- Access Control
- CCTV Surveillance Systems
- Who Needs
- ID Management
- Print Management
- Cost Control
- Flexible Printing
- Print Security
- Who needs
- Email & Web Security
A message about cookies from AIT
The AIT site uses 8 cookies. The cookies we use run for various periods, ranging from individual sessions, up until the end of the year. The cookies enable images, emails and underlying website functionality to run smoothly.
We have a Google Analytics cookie enabled that helps us to monitor website activity; this is a great tool that enables us to improve your website experience by monitoring what parts of the site get the most of the activity, and which parts get the least. These are session cookies.
If you are unhappy with AIT using cookies to track website journey’s then please refer to your specific website browser’s help section on how to disable cookies.
- Cookies are on most websites and they are small and harmless text files
- Cookies maintain non-personal information such as login details, and basket details – these help speed up and simplify your website experience
- They can’t and don’t track sensitive details like credit card information or personal details
- Cookies don’t contain viruses, malware or anything that can harm your computer
Cookies are most commonly found in three formats, these being:
- Session Cookie – These are simply cookies that last whilst you are on a certain website, these will usually get deleted after your visit to the website is complete. As mentioned above, these session cookies normally monitor purchases that you have added to a basket.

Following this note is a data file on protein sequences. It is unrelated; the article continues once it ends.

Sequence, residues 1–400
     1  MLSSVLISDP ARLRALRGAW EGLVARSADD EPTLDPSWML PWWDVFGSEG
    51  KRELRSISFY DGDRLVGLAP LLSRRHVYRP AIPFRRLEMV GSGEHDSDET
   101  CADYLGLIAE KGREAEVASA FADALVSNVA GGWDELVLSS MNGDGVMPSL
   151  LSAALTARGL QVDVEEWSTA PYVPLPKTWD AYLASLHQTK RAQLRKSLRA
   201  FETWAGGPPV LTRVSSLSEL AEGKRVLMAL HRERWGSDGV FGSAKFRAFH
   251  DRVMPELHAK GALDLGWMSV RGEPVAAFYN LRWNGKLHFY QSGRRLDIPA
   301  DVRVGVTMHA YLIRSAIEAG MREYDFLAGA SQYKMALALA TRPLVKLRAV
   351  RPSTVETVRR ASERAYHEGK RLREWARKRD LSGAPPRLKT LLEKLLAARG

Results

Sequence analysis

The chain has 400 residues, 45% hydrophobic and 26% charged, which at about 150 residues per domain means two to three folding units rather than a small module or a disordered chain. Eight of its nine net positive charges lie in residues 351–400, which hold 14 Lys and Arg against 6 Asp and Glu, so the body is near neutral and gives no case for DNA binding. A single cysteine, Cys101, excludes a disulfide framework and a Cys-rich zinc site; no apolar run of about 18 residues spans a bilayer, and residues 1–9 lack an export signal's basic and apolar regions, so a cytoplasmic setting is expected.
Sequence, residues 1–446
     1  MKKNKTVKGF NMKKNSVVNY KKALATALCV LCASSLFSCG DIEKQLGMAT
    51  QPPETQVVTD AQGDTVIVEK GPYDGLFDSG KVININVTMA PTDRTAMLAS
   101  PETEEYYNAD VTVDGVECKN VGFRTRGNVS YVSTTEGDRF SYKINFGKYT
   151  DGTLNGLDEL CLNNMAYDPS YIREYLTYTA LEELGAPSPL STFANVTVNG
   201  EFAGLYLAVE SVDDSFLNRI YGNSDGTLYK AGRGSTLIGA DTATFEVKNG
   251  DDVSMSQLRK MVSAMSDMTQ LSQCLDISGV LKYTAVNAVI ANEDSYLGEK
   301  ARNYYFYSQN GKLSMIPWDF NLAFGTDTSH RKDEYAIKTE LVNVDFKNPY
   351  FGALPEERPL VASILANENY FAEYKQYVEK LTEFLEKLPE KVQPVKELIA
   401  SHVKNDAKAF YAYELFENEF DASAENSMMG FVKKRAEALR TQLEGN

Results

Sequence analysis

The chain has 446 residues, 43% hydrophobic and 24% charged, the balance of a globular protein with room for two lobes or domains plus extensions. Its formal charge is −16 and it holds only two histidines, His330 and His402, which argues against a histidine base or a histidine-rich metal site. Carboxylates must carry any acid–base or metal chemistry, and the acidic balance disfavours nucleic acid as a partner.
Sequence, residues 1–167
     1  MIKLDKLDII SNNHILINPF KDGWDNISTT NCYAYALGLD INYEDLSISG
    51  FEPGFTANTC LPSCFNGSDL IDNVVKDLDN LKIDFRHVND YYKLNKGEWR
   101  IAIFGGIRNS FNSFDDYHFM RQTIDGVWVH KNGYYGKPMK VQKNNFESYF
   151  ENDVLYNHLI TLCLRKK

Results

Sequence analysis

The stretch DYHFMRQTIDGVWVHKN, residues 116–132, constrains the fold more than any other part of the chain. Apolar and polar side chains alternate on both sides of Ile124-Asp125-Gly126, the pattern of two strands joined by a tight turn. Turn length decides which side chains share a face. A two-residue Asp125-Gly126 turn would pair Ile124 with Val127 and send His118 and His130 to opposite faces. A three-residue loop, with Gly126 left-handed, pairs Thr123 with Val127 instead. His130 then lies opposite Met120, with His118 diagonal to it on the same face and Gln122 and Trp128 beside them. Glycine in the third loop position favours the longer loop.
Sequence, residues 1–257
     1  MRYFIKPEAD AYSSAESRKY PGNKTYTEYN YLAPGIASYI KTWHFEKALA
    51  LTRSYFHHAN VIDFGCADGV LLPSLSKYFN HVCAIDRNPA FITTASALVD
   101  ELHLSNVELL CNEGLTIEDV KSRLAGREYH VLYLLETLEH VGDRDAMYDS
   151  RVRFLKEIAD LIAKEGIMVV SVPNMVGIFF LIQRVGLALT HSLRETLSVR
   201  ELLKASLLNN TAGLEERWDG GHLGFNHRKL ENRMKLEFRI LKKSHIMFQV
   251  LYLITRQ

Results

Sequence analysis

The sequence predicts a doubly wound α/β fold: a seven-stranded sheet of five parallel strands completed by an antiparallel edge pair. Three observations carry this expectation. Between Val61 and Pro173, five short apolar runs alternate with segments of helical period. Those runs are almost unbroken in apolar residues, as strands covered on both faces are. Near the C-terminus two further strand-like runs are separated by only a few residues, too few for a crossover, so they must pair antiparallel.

- Persistent Cookies – These types of cookies have a set life span, and help webmasters track information about how you operate on a website. So if you are a new or returning visitor this will be tracked by a persistent cookie. If you have login details or certain website settings then this is something that will be monitored with a persistent cookie.
- First and Third party cookies – First party cookies and third party cookies can be explained like this. All cookies have an owner which tells you who the cookie belongs to. The owner is the domain specified in the cookie.
The word "party" refers to the domain as specified in cookie; the website that is placing the cookie. So, for example, if you visit example123 and the domain of the cookie placed on your computer is example123, then this is a first-party cookie. If, however, you visit example123 and the cookie placed on your computer says exampleabc, then this is a third-party cookie.